“How many a desert plain, wind-swept,
like the surface of a shield,
have I cut through on foot,
joining the near end to the far,
then looking out from a summit,
while mountain goats, flint-yellow,
graze around me,
meandering like maidens
draped in flowing shawls.”
Shanfara, a pre-Islamic poet, uses the desert to glorify the freedom that comes with wandering.
The title of this post is meant as a definitive answer to the argument I had today with a fellow countryman whose name I wont disclose of course; an honest and reasonable man. The issue was, in my friend’s words, “the shameful attitude” of Venezuelan president, Hugo Chavez whose government has recently recognized recognizes the “Sahrawi Arab Democratic Republic” and recently received separatists of the Polisario Front. Subsequently, Moroccan authorities reacted by shutting their embassy in Caracas. The Polisario front is a separatist movement that allegedly wants to establish an independent state in Western Sahara, a territory contested and de facto administered by the Kingdom of Morocco.
Let us be honest here: on the one hand Morocco has blocked the efforts of the international community for years to conduct a fair and democratic referendum over the issue, supported militarily, economically and diplomatically in its effort by the United States which always saw in the Moroccan establishment a strategic asset for its policies in the region; Morocco being technically in violation of international law. On the other hand, it is clear that there is more that a people’s strive for independence that is at stake here; many regional and international actors are involved and it is common knowledge that there might be some strategic and valuable prize that is wagered (with whispering voice: they say o-i-l).
I know I’m here handling a very hot potato, since there is the sense in Morocco that this is an issue of almost unanimous national consent for historical and for strategic reasons. And indeed most of the people (although there is no objective figure) religiously support the government’s position. I’ve been brought up, as every Moroccan, with the idea that the Western Sahara belonged to Morocco since times immemorial and that even parts of Algeria and a big chunk of Mauritania were historically indeed under the rule of Moroccan Sultans. A History contested but in my view not that controversial. Of course anyone who would have argued otherwise would at the best be put in jail after an expeditious trial, or at worse, be disappeared. Those were the so-called Years of Lead: the Hassan II era. Nowadays you only get busted and thrown in jail.
Now of course there are strong and reasonable arguments that support the Moroccan position and I’m not going to go through them here, but the –how shall I say,- stupid and senseless reactions of impotent Moroccan officials with the chorus of their gutter press groupies, up in arms every time there is a support for the separatists, show how helpless and out of touch they are on an issue the Moroccan diplomacy has put all its capital on.
By supporting the separatists however, Chavez, who had previously and courageously expelled the Israeli ambassador during the Gaza massacres, has encompassed the most disturbing aspect of the whole issue: the parallel that could be drawn between Morocco and Israel.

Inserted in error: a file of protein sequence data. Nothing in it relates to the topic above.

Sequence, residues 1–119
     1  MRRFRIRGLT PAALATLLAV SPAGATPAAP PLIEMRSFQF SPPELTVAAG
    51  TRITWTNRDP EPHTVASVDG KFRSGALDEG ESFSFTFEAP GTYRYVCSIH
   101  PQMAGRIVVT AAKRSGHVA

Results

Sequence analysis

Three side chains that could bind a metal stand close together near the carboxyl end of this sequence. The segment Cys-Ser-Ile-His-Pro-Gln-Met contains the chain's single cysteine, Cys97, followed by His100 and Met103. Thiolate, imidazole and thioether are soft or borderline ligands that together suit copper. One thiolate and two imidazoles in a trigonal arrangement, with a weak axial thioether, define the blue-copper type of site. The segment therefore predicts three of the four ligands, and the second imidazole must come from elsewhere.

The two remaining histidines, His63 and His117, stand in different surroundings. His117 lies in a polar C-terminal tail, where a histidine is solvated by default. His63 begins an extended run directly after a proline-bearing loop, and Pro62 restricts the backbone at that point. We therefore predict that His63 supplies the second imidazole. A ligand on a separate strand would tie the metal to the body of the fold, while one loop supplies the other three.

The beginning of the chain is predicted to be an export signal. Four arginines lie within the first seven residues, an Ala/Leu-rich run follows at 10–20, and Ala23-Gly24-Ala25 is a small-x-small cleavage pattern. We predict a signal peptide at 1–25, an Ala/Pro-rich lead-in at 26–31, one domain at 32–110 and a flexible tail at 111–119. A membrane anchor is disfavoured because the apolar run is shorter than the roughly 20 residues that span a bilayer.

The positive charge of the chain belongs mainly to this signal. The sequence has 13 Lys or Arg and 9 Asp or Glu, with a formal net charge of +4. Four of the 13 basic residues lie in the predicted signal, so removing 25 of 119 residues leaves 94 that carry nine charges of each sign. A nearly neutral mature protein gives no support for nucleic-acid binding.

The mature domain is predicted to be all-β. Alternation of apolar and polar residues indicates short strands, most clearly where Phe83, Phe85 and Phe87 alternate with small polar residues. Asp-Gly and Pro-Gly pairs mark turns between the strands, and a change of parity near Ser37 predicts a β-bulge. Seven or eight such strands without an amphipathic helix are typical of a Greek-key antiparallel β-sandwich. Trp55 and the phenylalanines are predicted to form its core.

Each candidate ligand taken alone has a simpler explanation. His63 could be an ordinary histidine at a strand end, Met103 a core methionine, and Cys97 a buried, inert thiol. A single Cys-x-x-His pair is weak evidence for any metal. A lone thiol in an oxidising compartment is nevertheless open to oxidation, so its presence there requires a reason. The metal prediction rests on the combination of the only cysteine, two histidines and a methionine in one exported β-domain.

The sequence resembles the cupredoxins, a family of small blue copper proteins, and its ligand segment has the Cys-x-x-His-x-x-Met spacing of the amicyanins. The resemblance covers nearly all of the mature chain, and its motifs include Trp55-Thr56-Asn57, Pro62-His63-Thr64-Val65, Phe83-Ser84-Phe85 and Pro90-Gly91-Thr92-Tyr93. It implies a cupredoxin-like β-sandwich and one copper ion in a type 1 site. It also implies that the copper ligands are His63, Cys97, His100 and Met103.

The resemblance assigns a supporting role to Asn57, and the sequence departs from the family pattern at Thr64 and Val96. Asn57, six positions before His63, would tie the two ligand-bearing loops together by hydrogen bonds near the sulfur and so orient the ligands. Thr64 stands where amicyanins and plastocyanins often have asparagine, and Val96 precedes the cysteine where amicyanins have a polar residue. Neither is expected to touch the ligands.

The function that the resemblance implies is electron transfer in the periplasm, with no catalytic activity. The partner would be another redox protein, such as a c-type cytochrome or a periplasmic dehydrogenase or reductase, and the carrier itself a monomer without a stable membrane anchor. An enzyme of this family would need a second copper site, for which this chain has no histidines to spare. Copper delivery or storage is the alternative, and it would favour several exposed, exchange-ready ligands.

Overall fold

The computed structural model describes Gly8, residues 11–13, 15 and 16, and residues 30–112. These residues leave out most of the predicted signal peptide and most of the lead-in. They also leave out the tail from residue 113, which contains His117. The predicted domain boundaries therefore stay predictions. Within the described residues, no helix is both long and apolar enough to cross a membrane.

It is indeed very disturbing for me who has long supported the “Moroccanness” of the Sahara (given that a fair and transparent referendum is held there), and who then supported the idea of an autonomy under a Moroccan sovereignty (given that Morocco transforms into a federal democracy). I support the right for self determination for any group of people but I believe, equally, that there are too many countries already in the world, not too little and that humanity would gain more in assembling rather than in dividing. But it is difficult –for example– to support the Palestinian right for independence and statehood and in the same time accept the Moroccan claim for sovereignty without further clarification:
Of course there is no comparison whatsoever to be made between the policies of the racist, apartheid, settler state of Israel and the handling of the Western Saharan territories by Morocco. First of all there is no ethnic cleansing nor was there any policy in that sense in the territory. Second of all, people living in the septentrional part of the country have indeed always had connections with the Sahrawis, de facto and de jure, since there were no borders and no authority to stop the natural flow of populations who traded, cross-married and hybridized. Third of all, Morocco, after having abandoned the option of a referendum is now advocating an inclusive solution, with the ambition of granting a large autonomy to the territory under Rabat sovereignty which has nothing to do with a two state solution nor with an exclusivist ethnically oriented scheme.
Now the question is whether to support Chavez or not as a result of both of his decisions: I do support him. I think that he is a good, compassionate leader. If Morocco has a case to defend (and I think it has a strong one) it should walk the walk and talk the talk rather than reciprocate with this routine pusillanimous attitude that do more harm than good. So yes: Viva Chavez!